Data Availability
The data that support the plots within this paper and other findings of this study are available from the corresponding author upon reasonable request.
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Acknowledgements
CL.Z. appreciates Lu Li’s crucial comments on small angle torque theory and treats his research work as precious homework from ShuiFen Fan. J.Z. thanks Dr. Lin Jiao for sharing his analysis program with us. CM.W. thanks lots of discussions from Yuriy Sharlai. S.J. is supported by the National Natural Science Foundation of China No. U1832214, No.11774007, the National Key R&D Program of China (2018YFA0305601) and the strategic Priority Research Program of Chinese Academy of Sciences, Grant No. XDB28000000. J.Z. was supported by the Youth Innovation Promotion Association CAS (grant number 2018486) the Scientific Instrument Developing Project of the Chinese Academy of Sciences (Grant No.YJKYYQ20180059) and the Innovative Program of Development Foundation of Hefei Center for Physical Science and Technology (2017FXCX001). H.Z.L was supported by the Guangdong Innovative and Entrepreneurial Research Team Program (Grant No. 2016ZT06D348), National Key R & D Program (Grant No. 2016YFA0301700), the National Natural Science Foundation of China (Grants No. 11574127), and the Science, Technology and Innovation Commission of Shenzhen Municipality (Grant No. ZDSYS20170303165926217, No. JCYJ20170412152620376). CM.W. is supported by the National Natural Science Foundation of China (Grant No. 11474005). H.L. acknowledges the Singapore National Research Foundation for the support under NRF Award No. NRFNRFF201303. The National Magnet Laboratory is supported by the National Science Foundation Cooperative Agreement no. DMR1157490, the State of Florida, and the US Department of Energy. Work at Los Alamos National Laboratory was supported by the Department of Energy, Office of Science, Basic Energy Sciences program LABLF100 “Science of 100 Tesla.” CL.Z and CM.W. contributed equally to this work.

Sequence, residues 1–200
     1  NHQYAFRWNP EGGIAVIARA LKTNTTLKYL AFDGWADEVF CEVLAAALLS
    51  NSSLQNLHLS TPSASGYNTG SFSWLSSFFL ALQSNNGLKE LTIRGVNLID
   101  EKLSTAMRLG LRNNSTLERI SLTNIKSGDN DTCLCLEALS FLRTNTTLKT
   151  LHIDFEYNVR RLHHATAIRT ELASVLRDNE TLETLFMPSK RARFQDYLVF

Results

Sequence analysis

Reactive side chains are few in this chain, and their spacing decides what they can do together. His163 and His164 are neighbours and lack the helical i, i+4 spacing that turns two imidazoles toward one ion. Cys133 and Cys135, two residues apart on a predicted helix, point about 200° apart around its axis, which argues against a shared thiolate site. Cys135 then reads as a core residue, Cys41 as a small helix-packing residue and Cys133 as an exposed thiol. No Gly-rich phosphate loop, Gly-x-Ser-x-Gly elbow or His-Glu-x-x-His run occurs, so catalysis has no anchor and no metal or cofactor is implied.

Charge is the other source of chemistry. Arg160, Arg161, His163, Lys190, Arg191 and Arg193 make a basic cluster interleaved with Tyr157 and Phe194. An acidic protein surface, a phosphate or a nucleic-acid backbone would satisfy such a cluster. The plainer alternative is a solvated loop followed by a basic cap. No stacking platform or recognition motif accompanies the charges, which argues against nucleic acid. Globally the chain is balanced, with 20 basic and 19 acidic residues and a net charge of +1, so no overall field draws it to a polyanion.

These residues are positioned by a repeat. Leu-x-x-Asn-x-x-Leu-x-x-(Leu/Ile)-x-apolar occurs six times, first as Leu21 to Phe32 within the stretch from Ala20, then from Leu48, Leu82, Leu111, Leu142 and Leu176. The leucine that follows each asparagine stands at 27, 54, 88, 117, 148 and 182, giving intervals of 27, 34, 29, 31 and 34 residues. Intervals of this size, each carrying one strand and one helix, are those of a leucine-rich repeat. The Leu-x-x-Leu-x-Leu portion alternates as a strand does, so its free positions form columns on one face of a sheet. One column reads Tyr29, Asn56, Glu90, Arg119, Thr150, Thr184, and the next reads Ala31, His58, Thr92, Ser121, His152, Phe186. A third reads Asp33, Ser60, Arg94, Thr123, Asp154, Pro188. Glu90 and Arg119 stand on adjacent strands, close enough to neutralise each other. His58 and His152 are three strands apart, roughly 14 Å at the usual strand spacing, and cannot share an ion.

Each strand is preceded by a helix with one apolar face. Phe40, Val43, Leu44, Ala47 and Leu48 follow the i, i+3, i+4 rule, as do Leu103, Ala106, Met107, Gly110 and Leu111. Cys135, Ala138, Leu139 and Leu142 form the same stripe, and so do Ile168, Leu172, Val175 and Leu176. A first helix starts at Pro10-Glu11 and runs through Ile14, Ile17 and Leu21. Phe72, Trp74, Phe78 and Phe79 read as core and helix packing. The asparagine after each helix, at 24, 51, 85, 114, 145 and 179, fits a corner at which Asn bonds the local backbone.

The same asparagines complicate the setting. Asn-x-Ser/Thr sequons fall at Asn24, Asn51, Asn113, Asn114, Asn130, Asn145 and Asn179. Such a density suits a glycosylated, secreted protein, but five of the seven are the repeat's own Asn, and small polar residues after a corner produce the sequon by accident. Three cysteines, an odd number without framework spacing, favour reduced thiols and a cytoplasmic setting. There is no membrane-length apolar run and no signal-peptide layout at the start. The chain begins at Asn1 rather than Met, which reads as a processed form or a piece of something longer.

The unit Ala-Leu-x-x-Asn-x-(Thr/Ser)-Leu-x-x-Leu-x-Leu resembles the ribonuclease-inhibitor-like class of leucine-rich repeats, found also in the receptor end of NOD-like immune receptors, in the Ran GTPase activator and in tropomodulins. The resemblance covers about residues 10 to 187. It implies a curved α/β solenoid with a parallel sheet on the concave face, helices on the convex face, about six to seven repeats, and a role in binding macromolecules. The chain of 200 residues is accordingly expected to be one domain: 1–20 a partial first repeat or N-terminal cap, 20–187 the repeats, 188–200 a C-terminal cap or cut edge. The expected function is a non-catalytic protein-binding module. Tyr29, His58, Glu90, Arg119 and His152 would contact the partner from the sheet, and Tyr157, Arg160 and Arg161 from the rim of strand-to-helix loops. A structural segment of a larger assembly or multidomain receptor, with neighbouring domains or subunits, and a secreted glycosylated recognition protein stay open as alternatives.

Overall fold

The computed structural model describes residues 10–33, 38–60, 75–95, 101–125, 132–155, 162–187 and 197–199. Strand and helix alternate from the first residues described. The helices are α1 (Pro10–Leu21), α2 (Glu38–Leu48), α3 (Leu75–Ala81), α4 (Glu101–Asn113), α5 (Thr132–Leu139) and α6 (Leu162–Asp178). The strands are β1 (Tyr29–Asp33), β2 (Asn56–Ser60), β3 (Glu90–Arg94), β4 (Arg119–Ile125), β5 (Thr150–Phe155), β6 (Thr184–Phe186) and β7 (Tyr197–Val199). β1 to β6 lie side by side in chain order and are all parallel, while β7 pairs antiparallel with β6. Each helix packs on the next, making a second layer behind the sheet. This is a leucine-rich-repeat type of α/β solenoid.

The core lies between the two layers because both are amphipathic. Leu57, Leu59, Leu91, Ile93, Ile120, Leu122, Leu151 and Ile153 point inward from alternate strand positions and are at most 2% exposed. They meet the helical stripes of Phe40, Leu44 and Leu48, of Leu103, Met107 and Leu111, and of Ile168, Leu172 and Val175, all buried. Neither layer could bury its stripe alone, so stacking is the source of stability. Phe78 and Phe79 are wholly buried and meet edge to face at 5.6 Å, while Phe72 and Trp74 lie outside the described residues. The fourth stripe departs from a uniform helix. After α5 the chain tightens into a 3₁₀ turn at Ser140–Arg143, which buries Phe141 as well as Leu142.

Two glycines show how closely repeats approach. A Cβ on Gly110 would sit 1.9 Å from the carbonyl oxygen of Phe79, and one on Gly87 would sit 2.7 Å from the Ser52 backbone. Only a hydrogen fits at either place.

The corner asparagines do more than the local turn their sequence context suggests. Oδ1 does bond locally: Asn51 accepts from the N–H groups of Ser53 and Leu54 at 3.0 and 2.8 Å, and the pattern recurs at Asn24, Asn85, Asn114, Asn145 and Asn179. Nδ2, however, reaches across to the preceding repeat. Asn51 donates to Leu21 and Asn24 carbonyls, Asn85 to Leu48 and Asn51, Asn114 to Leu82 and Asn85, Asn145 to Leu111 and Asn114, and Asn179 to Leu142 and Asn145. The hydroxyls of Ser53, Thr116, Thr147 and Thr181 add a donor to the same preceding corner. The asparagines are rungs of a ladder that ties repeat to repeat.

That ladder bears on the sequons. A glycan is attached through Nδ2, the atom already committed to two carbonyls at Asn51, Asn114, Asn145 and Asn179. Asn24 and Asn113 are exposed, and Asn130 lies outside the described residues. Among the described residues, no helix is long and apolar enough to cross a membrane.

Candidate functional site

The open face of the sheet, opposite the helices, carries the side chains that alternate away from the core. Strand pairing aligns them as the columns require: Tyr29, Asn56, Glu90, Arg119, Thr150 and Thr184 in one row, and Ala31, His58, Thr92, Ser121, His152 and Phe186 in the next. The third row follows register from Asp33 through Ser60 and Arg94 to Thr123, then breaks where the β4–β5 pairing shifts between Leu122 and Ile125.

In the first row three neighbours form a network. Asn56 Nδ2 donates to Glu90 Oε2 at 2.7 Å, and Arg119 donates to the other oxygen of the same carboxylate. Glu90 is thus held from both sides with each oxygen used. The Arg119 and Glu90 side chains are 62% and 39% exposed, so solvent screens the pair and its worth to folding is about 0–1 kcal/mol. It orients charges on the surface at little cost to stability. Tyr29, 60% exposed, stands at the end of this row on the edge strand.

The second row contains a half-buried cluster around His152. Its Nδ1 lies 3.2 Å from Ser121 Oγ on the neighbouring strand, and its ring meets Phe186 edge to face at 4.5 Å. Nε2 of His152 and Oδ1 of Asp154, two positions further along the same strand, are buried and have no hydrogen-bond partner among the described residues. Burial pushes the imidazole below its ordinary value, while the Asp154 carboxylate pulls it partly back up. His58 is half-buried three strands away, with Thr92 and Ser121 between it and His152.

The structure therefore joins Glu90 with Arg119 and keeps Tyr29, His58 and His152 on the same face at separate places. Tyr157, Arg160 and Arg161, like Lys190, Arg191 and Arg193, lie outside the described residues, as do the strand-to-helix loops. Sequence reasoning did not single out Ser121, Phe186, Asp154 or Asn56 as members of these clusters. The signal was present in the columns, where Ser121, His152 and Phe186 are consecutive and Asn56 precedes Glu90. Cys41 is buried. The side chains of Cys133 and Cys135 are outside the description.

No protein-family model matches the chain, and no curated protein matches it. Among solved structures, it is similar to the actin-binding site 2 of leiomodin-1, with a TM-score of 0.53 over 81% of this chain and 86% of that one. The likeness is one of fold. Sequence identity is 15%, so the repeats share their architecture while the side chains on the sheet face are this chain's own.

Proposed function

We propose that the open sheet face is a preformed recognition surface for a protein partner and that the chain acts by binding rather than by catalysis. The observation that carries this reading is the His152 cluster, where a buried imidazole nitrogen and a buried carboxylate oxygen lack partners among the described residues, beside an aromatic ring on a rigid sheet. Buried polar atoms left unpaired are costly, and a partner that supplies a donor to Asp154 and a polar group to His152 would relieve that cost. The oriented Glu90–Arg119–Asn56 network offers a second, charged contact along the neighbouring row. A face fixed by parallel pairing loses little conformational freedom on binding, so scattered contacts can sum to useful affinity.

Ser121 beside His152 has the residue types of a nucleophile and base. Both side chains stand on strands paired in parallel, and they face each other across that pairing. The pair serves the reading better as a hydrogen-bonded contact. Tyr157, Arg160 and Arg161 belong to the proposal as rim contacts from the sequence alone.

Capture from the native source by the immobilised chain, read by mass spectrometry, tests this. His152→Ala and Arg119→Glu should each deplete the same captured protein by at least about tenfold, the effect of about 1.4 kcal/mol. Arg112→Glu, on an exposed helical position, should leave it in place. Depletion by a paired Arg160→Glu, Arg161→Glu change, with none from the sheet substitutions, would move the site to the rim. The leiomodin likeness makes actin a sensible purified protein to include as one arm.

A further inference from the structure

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CL.Z. and S.J. conceived the project. J.Z. performed the magnetic torque experiment with help from CL.Z., L.P., C.X., and S.J.; CL.Z. did the electrical transport measurements. X.X. and G.W. performed the lowfield magnetization measurements. N.H. performed the ac parallel magnetization in pulsed field. Z.Y. grew the singlecrystal samples; CC.L. and H.L. performed first principles band structure calculations; CL.Z. wrote the classical highfield magnetization theory; C.M.W. and HZ.L. wrote the full magnetization theory and did all theoretical simulations; CL.Z., C.M.W., J.Z., HZ.L., and S.J. wrote the paper. S.J. was responsible for the overall direction, planning, and integration among different research units.
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Zhang, CL., Wang, C.M., Yuan, Z. et al. Nonsaturating quantum magnetization in Weyl semimetal TaAs. Nat Commun 10, 1028 (2019). https://doi.org/10.1038/s41467019090124
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DOI: https://doi.org/10.1038/s41467019090124